George Takei / Photo via Facebook

He Has Gone Where No One Has Gone Before: George Takei (April 20, 1937–)

No one could have predicted the lives (and yes, I mean lives — this man has crammed more into one life than a horde of others could) the interplanetarily renowned actor, author and activist George Takei would lead when he was born in Los Angeles in 1937. His parents had emigrated from Japan and met and married here, becoming U.S. citizens. George and his two siblings were born in California, automatically making them American citizens.


His family was on track to becoming middle class when Japan bombed Pearl Harbor on December 7, 1941, derailing everything. Immediately, the Department of the Treasury froze the assets of all citizens and resident immigrants born in Japan, while the Department of Justice arrested 1,500 religious and community leaders who could “potentially” be dangerous.


Vigilante attacks against Asians began, with acts including throwing paint and smashing windows to assaults and arson. George’s family was among the victimized. Spontaneous demonstrations and larger, more organized ones began. “Lock them up” was among the least atavistic and more publishable chants.


In fact, “locking up” became a national rallying cry. President Roosevelt issued Executive Order 9066 on February 19, 1942. There is no mention of camps, concentrations, or ethnicity.


Yet in less than two months, the U.S. Army separated 120,000 people, either Japanese or of Japanese descent, from their homes and property, no matter their citizenship status, and shipped them to one of 10 “relocation centers.”


George Takei was four years old when his family was taken. He has written They Called Us Enemy, a graphic novel about his life that begins with those early years in the camps and goes through his myriad adventures over eight decades.


Drawn toward acting from boyhood, George began his career in 1956 by dubbing the dialogue of Japanese characters into English for the U.S. release of Japanese science fiction movies. He did Rodan and Godzilla Raids Again. Eventually his film roles led to From Here to Eternity and Walk Don’t Run.


After plays, films and a summer at Stratford-upon-Avon, George landed the role of Lieutenant Sulu, the helmsman aboard the original Star Trek TV series (1966–69). This made him the first Asian American to star in an ensemble television series. Springboarding from there, his TV and film work became legendary, including over half a dozen Star Trek movies.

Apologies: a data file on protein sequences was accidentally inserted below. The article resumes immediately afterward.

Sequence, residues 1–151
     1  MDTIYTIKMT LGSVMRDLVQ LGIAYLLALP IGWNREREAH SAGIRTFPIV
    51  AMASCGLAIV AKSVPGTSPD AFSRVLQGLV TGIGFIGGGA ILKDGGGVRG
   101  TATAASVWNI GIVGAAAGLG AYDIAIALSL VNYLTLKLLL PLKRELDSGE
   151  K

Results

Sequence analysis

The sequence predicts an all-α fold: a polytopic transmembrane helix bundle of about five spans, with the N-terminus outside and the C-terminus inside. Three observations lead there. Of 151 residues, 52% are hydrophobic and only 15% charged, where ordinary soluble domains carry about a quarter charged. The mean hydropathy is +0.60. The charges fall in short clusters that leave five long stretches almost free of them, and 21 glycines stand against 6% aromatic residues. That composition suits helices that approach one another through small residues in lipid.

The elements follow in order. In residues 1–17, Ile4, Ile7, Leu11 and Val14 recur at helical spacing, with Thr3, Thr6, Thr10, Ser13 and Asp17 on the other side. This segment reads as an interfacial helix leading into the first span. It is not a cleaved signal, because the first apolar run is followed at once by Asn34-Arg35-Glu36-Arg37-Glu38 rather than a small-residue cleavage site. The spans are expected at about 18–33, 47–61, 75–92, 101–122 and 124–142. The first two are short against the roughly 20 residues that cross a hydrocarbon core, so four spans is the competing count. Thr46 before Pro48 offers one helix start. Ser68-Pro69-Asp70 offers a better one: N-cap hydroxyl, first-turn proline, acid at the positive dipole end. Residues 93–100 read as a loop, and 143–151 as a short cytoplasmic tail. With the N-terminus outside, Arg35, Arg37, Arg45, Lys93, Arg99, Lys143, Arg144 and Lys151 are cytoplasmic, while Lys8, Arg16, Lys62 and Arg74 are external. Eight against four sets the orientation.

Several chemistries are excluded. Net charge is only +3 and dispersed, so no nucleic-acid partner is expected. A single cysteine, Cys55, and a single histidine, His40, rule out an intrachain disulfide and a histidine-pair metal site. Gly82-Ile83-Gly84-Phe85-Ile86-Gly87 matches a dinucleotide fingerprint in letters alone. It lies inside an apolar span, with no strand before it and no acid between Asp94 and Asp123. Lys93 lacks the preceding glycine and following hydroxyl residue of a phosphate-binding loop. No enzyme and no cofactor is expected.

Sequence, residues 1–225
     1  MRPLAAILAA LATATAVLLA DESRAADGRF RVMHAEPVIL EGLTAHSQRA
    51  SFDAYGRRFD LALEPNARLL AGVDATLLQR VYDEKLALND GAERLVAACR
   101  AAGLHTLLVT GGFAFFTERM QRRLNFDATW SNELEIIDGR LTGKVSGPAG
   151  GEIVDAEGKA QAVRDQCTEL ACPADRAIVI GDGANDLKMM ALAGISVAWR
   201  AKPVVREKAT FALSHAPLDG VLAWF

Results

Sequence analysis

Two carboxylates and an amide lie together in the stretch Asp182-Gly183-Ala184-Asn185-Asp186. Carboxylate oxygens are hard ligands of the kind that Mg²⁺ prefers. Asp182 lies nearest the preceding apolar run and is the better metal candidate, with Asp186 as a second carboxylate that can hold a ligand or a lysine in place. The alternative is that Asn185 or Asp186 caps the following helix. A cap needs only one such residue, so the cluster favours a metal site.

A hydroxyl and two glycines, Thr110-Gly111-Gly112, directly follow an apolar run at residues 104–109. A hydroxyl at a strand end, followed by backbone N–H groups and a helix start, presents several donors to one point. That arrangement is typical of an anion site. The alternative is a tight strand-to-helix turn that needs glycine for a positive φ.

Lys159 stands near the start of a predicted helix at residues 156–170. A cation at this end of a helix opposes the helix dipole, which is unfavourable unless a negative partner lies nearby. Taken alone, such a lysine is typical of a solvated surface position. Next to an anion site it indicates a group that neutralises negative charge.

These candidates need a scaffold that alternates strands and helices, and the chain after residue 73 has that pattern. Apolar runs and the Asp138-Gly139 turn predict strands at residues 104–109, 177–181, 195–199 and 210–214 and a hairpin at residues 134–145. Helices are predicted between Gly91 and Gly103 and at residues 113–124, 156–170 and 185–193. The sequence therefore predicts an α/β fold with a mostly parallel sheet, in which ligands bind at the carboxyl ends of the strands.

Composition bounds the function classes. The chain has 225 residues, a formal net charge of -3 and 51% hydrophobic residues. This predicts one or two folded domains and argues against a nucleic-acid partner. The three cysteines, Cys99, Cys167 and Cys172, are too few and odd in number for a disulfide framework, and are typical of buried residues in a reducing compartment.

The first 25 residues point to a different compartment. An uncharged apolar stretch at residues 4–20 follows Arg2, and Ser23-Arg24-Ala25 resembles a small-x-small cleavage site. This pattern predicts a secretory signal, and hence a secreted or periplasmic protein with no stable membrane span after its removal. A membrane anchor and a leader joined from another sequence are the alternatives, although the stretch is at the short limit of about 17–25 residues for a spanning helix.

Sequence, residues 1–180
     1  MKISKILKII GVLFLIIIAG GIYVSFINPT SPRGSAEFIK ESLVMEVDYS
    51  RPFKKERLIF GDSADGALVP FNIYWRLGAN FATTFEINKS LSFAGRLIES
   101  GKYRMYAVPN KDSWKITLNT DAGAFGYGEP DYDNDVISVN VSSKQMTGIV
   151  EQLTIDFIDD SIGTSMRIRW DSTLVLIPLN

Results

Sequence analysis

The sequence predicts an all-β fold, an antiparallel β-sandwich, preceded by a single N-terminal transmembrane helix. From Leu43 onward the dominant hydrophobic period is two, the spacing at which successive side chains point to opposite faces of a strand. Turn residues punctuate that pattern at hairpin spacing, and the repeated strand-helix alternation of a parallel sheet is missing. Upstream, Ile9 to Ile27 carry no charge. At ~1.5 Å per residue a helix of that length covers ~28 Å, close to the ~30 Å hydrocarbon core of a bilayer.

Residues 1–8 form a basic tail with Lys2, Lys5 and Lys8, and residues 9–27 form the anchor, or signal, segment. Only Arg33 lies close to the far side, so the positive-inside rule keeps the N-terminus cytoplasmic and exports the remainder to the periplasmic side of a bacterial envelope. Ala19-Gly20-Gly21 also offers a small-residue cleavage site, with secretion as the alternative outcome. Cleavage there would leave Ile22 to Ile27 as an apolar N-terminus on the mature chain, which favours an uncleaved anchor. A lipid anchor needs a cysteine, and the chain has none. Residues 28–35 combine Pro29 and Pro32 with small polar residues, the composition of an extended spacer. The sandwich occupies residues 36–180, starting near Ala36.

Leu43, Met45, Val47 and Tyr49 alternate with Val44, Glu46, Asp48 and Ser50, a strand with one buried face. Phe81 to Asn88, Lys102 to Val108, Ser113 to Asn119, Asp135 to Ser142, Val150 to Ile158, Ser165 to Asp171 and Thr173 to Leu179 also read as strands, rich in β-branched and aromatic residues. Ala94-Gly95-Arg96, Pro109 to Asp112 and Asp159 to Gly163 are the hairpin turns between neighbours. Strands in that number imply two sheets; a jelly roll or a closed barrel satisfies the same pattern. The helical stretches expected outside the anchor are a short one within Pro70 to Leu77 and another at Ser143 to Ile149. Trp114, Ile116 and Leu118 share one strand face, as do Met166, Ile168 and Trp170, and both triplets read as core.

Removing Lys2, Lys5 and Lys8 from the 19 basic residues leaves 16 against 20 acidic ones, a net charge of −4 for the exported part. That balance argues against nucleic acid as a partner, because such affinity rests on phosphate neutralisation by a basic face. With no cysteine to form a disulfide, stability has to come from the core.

George also spent a lot of time and energy on nonprofit causes, including actively working on plans for the Los Angeles subway as a member of the board of directors for the Southern California Rapid Transit District.


In 1991, George finally received an official letter of apology and a check for $20,000 for all the pain and suffering he and his family endured at the hands of the United States. He used the check as seed money for the Japanese American National Museum.


But famous actors of his generation didn’t come out. George has said that “Arnold Schwarzenegger made me come out [when Arnold ran for Governor]. He said, ‘I’m from Hollywood, I’ve worked with gays and lesbians, some of my best friends are gay.’ I assumed, therefore, he was pro-gay.”


“But when the Marriage Equality Bill landed on his desk [in 2005], he played to the reactionary conservative element of the Republican party and vetoed it,” he said. “Both [my husband] Brad and I were raging, our blood was boiling.”


George worked against Proposition 8, California’s ban on same sex marriage.


He still works with the Human Rights Campaign’s “Coming Out Project” and for immigrants who are summarily turned away. He shares his story across the world, has a star on Hollywood’s Walk of Fame, and left his signature and handprint at Grauman’s Chinese Theatre.


For his work advancing U.S.-Japan relations, Emperor Akihito awarded George the Order of the Rising Sun, Gold Rays with Rosette in 2004.


And George even has his very own asteroid! Located between Mars and Jupiter, 7307 Takei was discovered by two Japanese astronauts in 1994. It was renamed in his honor in 2007.


Only a very few Trek alumni have been so honored, including Nichelle Nichols (Lt. Uhura) and Gene Roddenberry, Star Trek’s creator.


His latest project? George provides a voice-over for the almost all-Asian cast of the upcoming animated HBO Max series Gremlins: Secrets of the Mogwai. This is a prequel to the dark comedy cult classic, Gremlins and its sequel, Gremlins 2: The New Batch.